Privatization Program

The State remains a major player in the economy although the private sector is expanding, especially in the tourism and services sectors. A key aspect of the government’s reform program relates to increasing the economy’s market orientation and supporting private sector development. In this context, the government is working closely with the IMF and the World Bank to accelerate its privatization program and improve the business climate through a comprehensive review of the legal and regulatory framework.

Screening of FDI

The Seychelles Investment Board (SIB) is a “one-stop shop” for all matters relating to business and investment in Seychelles. SIB’s main function is to promote investment and facilitate the investment process in line with the administrative, policy and legal framework. SIB also assists in screening potential investment projects in cooperation with other government agencies. The government of Seychelles is particularly keen to ensure that no business activity is undertaken at the expense of Seychelles’ natural environment. In order for a business to be operational, all prospective investors need to apply for a license from the Seychelles Licensing Authority (SLA).

TABLE 1

Measure

Year

Rank or value

Website Address

TI Corruption Perceptions index

2013

(47 of 177)

http://cpi.transparency.org/cpi2013/results/

Heritage Foundation’s Economic Freedom index

2014

(117 of 178)

http://www.heritage.org/index/ranking

World Bank’s Doing Business Report “Ease of Doing Business”

2014

(80 of 189)

http//doingbusiness.org/rankings

Global Innovation Index

2013

N/A

http://www.globalinnovationindex.org/content.aspx?page=gii-full-report-2013#pdfopener

World Bank GNI per capita

2012

USD 12,180

http://data.worldbank.org/indicator/NY.GNP.PCAP.CD

2. Conversion and Transfer Policies

Foreign Exchange

Prior to November 2008, the Seychelles Rupee was pegged to the US dollar at a rate of USD 1 to SCR 5.5. The peg was removed as part of the IMF reform package begun in 2008. A freely floating exchange rate system is now in place and in 2013 the exchange rate remained between SCR 11 to SCR 12 to USD 1.

Remittance Policies

All foreign exchange controls were also removed in 2008 and foreign investors are free to repatriate their profits and other incomes.

3. Expropriation and Compensation

The law states that in the event of compulsory acquisition or taking of possession of any property by the government, the latter should pay “prompt and full compensation” for the property.

4. Dispute Settlement

Legal System

The Seychelles legal system is based on English Common Law, the Napoleonic Code and the amended 1993 Constitution. Civil Law is based on the French Napoleonic Code adapted to Seychelles and is known as the Civil Code of the Seychelles. Company Law is based on English Common Law. The highest court is the Court of Appeal.

Investment Disputes

Parties involved in investment disputes are encouraged to resolve their disputes through negotiations. The Seychelles Investment Act of 2010 provides for an Investment Appeal Panel to which aggrieved investors may appeal for a review of a decision made by a public sector agency with regard to their investments or proposed investments in Seychelles. In addition, investors may appeal to the Supreme Court (and potentially the Court of Appeal) in the event they are not satisfied with the decision of the Investment Appeal Panel.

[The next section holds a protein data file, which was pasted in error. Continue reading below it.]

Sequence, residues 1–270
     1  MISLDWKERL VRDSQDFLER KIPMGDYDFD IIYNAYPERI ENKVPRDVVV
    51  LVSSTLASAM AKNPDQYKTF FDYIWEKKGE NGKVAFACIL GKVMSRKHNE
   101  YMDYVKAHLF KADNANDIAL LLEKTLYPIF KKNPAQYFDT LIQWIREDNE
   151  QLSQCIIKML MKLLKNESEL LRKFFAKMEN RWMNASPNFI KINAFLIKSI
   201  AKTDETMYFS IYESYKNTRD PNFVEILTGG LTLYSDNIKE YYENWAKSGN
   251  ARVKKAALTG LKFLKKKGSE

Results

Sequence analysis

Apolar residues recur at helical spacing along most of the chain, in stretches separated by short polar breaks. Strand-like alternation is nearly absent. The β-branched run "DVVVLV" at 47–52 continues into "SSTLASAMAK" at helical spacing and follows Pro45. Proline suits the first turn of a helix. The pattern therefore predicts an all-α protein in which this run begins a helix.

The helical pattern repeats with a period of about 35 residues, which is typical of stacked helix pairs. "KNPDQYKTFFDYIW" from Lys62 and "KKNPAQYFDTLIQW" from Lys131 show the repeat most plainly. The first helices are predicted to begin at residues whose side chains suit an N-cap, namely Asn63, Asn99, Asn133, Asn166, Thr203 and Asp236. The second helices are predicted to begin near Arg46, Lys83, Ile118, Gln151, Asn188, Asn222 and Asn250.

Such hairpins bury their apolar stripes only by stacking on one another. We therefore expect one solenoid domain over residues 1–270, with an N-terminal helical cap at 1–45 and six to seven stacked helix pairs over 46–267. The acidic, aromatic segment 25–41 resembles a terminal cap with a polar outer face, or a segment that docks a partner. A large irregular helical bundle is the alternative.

ICSID Convention and New York Convention

In 1978 Seychelles signed the International Convention on the Settlement of Investment Disputes (ICSID). Seychelles is not a party to the New York Convention.

5. Performance Requirements/Incentives

Investment Incentives

Seychelles provides incentives for investment in several sectors, including: the fisheries sector under the Fisheries Incentives Act; the tourism sector under the Tourism Incentives Act; investments in the International Trade Zone under the Seychelles International Trade Zone Act; and fiscal incentives under the Investment Code.

Performance Requirements

Investors operating in Seychelles are expected to abide by the following obligations:

  • To comply with the provisions of the governing laws on investment procedures and to carry out investment activities correctly in accordance with the relevant approvals granted. This includes the responsibility of the investor for the accuracy and truthfulness of the contents of investment proposals and registration; and of the lawfulness of document on certification;
  • To discharge fully their financial obligations, including taxation, in accordance with the law;
  • To carry out the provisions of the laws on accounting and auditing;
  • To carry out the provisions of the laws on registration of companies and other legal entity;
  • To carry out the provisions of the employment laws and regulations.

6. Right to Private Ownership and Establishment

Foreign and domestic investors are able to own and hold lands subject to the provisions of the Immovable Property (Transfer Restriction) Act of 1963.

In March 2014, the sale of freehold state land to non-Seychellois stopped. A policy on Alienation of Land and the Management and sale of state land as well as a Villa Policy was introduced. Non-citizens can still buy land freehold from private owners. Foreigners can obtain long term leases of state land. Before leasing land from the government, a foreign investor must submit a project proposal to the Seychelles Investment Board for approval. Foreign nationals or companies engaging in foreign participation must obtain permission from the Ministry of Land Use and Housing before completing a purchase. The investor will need to use a notary or attorney to manage the transfer of ownership when buying land from a private individual or company, which will then need to be registered at the Registration Office.